Syria has agreed to supply Jordan with two million cubic meters (mcm) of water this summer from the Yarmouk basin to boost the kingdom's scarce water resources, Jordan’s Water Minister Hazem Nasser announced on Wednesday.
The minister said Syria would begin supplying the amount as of July 14 during a ceremony in the area of Sahm Golan.
In 1999, Jordan received 8mcm of water from Syria, according to the Jordan Times. The amount dropped to 3.5mcm last year.
Saddled with a chronic water deficit, Jordan, a largely desert country, mainly relies on rain to meet its water needs.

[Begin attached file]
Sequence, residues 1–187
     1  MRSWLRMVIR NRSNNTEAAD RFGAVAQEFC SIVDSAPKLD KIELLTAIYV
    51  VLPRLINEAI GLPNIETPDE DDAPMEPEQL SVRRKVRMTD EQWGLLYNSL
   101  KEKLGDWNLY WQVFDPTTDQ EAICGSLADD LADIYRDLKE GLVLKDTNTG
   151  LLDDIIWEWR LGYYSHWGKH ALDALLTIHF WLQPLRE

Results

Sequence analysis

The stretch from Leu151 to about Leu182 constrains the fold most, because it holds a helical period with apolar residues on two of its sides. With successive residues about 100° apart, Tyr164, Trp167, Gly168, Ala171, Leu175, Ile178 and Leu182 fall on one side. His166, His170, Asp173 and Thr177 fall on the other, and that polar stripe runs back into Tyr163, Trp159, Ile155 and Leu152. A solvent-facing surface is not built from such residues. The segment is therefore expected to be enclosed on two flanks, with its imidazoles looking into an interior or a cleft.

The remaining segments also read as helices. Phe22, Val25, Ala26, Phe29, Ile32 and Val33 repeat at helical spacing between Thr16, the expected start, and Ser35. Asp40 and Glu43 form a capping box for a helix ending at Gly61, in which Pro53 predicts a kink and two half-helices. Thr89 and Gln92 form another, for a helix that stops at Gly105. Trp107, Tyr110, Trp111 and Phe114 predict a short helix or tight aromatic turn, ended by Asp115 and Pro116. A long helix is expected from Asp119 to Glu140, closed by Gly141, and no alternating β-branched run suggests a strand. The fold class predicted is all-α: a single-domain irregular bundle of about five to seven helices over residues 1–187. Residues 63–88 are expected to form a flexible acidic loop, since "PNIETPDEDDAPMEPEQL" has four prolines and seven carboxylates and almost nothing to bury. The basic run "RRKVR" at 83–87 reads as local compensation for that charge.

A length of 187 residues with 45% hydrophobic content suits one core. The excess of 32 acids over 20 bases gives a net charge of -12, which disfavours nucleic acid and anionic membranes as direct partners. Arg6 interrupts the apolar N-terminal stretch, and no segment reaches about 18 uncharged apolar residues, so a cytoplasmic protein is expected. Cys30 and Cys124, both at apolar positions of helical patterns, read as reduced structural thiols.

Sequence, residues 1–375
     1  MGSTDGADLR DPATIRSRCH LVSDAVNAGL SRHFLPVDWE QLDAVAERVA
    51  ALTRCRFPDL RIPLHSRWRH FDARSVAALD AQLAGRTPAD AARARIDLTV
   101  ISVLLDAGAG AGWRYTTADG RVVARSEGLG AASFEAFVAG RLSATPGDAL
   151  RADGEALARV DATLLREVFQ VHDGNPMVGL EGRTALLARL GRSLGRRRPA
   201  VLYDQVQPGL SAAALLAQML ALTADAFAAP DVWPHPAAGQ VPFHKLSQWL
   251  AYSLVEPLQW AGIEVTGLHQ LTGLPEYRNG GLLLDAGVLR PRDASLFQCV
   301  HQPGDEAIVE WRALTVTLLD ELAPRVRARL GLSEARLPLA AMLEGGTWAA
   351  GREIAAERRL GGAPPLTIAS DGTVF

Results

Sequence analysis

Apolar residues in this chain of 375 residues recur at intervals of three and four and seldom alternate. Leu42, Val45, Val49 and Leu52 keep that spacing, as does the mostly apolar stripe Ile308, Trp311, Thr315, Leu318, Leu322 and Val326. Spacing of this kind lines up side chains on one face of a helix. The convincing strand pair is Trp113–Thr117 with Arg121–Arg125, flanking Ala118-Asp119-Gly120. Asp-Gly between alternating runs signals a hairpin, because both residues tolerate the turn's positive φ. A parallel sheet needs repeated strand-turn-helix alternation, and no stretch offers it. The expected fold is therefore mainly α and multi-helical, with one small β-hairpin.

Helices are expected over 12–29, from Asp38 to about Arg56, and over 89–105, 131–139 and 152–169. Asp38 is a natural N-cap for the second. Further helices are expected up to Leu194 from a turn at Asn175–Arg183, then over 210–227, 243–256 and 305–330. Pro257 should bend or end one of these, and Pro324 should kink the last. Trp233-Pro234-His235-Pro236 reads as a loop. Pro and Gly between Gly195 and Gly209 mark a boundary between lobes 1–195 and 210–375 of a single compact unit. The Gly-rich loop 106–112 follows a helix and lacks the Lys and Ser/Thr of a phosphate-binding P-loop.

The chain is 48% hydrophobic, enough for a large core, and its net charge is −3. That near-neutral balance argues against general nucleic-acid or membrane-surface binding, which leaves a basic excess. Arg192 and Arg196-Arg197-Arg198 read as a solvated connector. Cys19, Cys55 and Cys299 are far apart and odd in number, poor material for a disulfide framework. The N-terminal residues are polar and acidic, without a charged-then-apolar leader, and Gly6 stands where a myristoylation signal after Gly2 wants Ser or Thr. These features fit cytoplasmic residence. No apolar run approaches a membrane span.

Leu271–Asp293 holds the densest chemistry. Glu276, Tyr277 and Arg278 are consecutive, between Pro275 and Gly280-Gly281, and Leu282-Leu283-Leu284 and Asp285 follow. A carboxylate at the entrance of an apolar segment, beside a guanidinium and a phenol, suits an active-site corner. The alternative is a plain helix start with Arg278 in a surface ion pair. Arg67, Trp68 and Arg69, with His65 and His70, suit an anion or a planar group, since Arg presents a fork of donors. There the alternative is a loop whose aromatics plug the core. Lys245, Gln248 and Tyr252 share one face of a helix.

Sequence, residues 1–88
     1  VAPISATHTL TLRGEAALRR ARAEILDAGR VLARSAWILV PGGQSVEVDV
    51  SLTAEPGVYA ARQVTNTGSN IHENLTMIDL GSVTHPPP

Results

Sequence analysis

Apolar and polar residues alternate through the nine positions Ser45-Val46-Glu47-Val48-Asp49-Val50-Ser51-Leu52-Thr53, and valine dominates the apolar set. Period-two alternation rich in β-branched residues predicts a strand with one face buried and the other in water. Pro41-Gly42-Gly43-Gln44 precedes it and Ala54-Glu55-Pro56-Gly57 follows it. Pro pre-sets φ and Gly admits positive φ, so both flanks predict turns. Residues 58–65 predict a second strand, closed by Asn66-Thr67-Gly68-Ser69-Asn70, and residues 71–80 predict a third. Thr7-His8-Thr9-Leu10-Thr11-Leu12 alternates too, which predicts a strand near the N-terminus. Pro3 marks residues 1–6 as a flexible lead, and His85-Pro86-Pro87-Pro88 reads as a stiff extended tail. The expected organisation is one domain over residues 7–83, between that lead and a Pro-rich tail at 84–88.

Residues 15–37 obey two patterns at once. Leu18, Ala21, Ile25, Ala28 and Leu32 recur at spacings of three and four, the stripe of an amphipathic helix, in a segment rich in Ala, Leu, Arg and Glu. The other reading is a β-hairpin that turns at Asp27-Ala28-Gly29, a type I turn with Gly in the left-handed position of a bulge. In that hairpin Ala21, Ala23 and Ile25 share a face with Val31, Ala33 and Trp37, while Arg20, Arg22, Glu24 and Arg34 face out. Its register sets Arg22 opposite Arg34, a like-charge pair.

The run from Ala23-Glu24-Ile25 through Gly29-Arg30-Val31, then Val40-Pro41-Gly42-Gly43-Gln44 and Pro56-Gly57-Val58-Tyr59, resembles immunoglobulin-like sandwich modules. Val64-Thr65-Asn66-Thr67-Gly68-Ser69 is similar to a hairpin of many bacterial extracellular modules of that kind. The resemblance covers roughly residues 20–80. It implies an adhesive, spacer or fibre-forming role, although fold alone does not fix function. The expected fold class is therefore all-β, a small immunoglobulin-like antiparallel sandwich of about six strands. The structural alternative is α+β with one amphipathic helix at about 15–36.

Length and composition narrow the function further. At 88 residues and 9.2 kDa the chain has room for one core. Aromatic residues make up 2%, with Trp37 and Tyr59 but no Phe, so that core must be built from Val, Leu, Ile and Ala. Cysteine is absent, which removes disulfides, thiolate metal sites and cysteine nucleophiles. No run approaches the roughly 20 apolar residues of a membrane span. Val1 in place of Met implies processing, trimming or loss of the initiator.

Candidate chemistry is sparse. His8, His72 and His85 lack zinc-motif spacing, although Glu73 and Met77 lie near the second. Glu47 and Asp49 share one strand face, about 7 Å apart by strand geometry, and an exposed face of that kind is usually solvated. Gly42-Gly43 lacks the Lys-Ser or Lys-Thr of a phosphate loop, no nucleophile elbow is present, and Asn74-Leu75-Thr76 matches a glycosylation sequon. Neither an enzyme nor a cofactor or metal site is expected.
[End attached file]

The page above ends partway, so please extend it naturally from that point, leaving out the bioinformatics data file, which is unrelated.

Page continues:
This year, Jordan is facing a 50 per cent water deficit. An 80 per cent drop in the Yarmouk River's flow was caused by last winter's poor rain, according to Nasser. The flow dropped from 250,000 cubic meters per day to 43,000 cubic meters.
Jordan has often complained that it is only getting a fraction of its water-sharing agreement with Syria, as the latter has set up more than 30 ditches and pumping facilities to store water along the Yarmouk.
The 1987 water agreement set the permissible number of Syrian ditches on the Yarmouk River at 25.
In April, both countries agreed to stop the allocation of Yarmouk River water to summer crops in the river's basin area on both sides of the border to reduce the depletion of water resources.
Also, as part of the agreement, the two neighbors agreed to construct the Wihdeh Dam, which is expected to supply Jordan with an additional 110mcm of water annually and generate energy for Syria – Albawaba.com
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